He said that seeing the three nearby places of worship leads him to “kneel down to thank the Lord who has guided this path of Human Fraternity which is bearing concrete fruits of coexistence, tolerance, friendship and reconciliation.”
“It was very exciting to see the believers of the three religions together in the same place, each one living his faith in mutual respect,” he said.
The three structures, similar in their cubic design but unique in their details, are meant to represent diverse communities of worshippers while evoking a traditional spirit that is future-looking toward acceptance, inclusion and peace, according to the AFH website.
“They each express themselves differently but share equal external dimensions, with a unifying roof at a shared datum height, ensuring that none of the buildings from the three is more dominant than its counterparts,” the website explains.
A Hindu temple also is scheduled to be opened soon in Abu Dhabi.
Though now a Muslim country, with the Christian community consisting of expats and foreign workers, two pre-Islamic Christian monasteries have been discovered by archaeologists in the UAE in the past two decades, attesting to a historical Christian presence in the area. Jewish expats also live in the UAE, and a Jewish tombstone belonging to “David son of Moses” dating back to the period between 1507-1650 was discovered a few years ago in the area.
The AFH aims to spread knowledge among believers and non-believers, and importance will be given to the education center which will welcome everyone and answer questions especially among young people, Msgr. Lahzi Gaid said.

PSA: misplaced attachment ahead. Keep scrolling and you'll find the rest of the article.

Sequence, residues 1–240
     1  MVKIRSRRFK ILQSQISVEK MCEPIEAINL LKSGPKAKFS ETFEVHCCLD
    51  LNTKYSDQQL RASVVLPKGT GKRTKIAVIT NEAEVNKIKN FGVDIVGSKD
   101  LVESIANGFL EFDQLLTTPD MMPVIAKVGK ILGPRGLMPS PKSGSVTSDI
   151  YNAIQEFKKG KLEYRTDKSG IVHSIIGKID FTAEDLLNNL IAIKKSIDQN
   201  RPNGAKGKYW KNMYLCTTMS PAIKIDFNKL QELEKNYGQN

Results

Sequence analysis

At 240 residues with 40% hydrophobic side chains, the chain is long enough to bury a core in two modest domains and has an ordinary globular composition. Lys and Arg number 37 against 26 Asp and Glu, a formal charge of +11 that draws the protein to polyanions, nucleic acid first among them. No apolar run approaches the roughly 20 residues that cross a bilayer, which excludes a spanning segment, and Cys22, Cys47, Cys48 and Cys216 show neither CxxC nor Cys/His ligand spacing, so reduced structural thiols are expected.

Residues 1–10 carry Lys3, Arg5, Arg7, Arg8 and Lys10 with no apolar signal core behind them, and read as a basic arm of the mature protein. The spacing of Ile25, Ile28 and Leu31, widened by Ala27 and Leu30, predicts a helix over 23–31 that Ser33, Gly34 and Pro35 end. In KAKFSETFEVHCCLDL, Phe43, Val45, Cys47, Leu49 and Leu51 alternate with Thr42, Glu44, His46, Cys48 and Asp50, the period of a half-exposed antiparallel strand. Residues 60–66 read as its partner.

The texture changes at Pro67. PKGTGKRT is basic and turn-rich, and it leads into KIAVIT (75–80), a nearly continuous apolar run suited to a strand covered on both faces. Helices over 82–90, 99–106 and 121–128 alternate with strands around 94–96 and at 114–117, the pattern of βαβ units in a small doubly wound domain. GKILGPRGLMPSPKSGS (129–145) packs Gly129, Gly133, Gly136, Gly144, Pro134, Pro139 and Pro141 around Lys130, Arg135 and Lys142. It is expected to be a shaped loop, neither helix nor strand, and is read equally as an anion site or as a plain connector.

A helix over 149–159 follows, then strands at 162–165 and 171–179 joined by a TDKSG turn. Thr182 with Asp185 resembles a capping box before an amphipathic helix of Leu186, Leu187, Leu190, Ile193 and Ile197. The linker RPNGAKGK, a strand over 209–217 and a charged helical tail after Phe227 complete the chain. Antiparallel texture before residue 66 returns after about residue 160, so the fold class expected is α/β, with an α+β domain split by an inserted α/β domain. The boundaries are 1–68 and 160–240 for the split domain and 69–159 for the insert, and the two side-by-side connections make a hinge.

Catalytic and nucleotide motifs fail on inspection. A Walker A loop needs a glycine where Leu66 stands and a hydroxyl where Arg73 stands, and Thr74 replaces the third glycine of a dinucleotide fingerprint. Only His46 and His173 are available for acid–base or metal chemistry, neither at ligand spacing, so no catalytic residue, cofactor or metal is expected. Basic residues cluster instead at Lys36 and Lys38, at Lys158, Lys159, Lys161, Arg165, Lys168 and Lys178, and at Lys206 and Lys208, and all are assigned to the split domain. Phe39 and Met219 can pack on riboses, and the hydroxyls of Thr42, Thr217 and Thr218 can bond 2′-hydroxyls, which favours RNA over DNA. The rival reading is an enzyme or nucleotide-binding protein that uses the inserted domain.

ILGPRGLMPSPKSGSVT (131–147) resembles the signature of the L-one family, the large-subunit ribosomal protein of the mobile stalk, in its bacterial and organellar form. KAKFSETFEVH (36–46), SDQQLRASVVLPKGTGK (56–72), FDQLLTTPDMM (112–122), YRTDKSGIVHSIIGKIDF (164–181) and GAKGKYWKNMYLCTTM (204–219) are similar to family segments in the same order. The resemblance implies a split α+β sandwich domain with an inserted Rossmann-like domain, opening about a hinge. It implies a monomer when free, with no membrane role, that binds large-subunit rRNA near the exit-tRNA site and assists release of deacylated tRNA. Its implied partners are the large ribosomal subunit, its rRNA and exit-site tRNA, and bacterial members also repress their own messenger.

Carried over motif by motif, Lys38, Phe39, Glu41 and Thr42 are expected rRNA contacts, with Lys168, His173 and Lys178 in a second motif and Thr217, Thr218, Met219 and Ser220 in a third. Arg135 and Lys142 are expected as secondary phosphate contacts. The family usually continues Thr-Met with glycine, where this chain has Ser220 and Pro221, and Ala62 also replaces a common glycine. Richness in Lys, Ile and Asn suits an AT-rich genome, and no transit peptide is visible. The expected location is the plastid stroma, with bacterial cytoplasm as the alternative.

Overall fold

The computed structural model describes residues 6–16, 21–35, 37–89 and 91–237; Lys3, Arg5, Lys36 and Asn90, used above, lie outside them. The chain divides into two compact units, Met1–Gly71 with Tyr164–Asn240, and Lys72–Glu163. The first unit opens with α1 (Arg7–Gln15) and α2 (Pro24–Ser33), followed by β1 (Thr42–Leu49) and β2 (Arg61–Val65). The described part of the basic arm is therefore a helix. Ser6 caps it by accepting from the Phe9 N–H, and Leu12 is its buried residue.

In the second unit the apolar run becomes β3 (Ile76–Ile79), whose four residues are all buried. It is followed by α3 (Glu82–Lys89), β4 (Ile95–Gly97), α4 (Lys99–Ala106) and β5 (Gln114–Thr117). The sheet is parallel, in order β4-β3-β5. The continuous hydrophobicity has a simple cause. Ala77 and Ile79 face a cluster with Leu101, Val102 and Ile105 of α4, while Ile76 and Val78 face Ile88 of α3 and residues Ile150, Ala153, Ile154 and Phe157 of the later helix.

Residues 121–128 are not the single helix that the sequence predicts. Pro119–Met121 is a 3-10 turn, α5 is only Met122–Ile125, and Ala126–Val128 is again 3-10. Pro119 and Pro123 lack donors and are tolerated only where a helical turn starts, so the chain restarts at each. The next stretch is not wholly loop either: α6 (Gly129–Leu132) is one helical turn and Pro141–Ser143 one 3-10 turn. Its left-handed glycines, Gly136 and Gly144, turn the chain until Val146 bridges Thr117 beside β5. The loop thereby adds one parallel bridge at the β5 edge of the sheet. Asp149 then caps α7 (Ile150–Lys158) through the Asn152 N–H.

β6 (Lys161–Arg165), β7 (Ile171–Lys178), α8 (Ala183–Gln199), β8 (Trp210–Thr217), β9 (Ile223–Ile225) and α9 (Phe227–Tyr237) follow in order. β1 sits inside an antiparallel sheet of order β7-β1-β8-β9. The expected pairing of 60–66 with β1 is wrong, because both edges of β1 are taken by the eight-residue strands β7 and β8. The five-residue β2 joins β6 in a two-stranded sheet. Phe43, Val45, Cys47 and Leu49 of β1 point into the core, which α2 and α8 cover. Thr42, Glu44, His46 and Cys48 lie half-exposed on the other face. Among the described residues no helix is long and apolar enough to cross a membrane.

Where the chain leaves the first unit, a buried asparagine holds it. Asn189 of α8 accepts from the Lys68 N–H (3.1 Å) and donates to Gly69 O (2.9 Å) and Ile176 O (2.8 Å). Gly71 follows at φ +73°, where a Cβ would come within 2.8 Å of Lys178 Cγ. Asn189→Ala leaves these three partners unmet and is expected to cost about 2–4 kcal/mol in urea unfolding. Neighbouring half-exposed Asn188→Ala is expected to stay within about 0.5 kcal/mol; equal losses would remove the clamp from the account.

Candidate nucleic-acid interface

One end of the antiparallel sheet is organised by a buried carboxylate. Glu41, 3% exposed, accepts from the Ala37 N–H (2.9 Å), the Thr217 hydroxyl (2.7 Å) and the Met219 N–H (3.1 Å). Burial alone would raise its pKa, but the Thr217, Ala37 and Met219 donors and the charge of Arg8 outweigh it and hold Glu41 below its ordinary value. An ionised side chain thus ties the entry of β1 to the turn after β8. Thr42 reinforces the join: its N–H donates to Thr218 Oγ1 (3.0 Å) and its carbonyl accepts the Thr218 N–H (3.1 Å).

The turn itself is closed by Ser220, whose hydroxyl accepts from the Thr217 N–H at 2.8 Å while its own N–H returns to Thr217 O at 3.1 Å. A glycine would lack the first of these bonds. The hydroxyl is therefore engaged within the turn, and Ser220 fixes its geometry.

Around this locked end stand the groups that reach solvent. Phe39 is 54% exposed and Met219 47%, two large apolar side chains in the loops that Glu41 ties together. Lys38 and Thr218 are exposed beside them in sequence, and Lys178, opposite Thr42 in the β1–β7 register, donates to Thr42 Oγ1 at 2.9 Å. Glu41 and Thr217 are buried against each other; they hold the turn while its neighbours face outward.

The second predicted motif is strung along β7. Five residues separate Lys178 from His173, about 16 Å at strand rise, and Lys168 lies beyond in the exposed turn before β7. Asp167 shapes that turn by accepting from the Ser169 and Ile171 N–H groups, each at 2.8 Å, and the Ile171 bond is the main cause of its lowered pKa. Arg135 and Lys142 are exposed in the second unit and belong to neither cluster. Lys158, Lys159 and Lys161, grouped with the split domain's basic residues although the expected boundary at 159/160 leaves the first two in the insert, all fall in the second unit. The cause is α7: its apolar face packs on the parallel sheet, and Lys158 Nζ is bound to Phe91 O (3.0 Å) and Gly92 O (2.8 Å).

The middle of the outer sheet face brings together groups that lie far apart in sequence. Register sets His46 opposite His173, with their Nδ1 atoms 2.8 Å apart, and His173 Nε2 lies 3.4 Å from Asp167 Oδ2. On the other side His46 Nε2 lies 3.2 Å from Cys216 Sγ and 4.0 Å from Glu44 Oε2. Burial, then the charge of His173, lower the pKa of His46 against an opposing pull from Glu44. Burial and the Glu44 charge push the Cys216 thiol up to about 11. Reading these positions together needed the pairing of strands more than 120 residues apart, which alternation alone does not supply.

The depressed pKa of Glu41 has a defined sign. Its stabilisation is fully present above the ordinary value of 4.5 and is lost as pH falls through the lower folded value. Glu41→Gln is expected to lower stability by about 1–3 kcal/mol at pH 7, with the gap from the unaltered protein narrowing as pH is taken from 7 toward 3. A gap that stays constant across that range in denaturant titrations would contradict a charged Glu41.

“We have seen the results of hate. Now we work to show the light of love and respect and dialogue,” he said.
Rabbi David Rosen, the international director of interreligious affairs of the American Jewish Committee who spoke at the opening conference, said in response to a query from OSV News that the AFH was an “expression of the integrity of each of the three Abrahamic faiths.”
“At the same time the very complex — and hopefully its programs — highlight the shared religio-ethical values of the three religious traditions and their universal message for the welfare of humanity at large,” Rosen stressed.
At the conference, he also noted the synagogue in particular “offers an amazing opportunity to educate the world about the beauty and true values of Jewish tradition … for a people that has suffered and still suffers from prejudice and bigotry born out of ignorance and misrepresentations.”
At the AFH inauguration, the prefect of the Dicastery for Interreligious Dialogue, Cardinal Miguel Ángel Ayuso Guixot, called the center a “beacon of mutual understanding.”
Muhammad Khalifa Al Mubarak, president of the AFH, said the establishment of the Abrahamic Family House was “the legacy of the founding father, the deceased Sheikh Zayed bin Sultan Al Nahyan, as well as the legacy of the values on which he built our state, his vision of peace, understanding and mutual respect in a country that today embraces more than 200 nationalities from all over the world.”
His hope was that “this building will be a source of hope for future generations and a beacon that unites them forever, in mutual understanding and peaceful coexistence.”
Though the UAE has come under attack by human rights activists for anti-democratic and human rights violations, it has at the same time been active in the past years promoting tolerance in the region. Together with Bahrain, it signed the Abraham Accords in September 2020, which worked toward normalization of relations with Israel.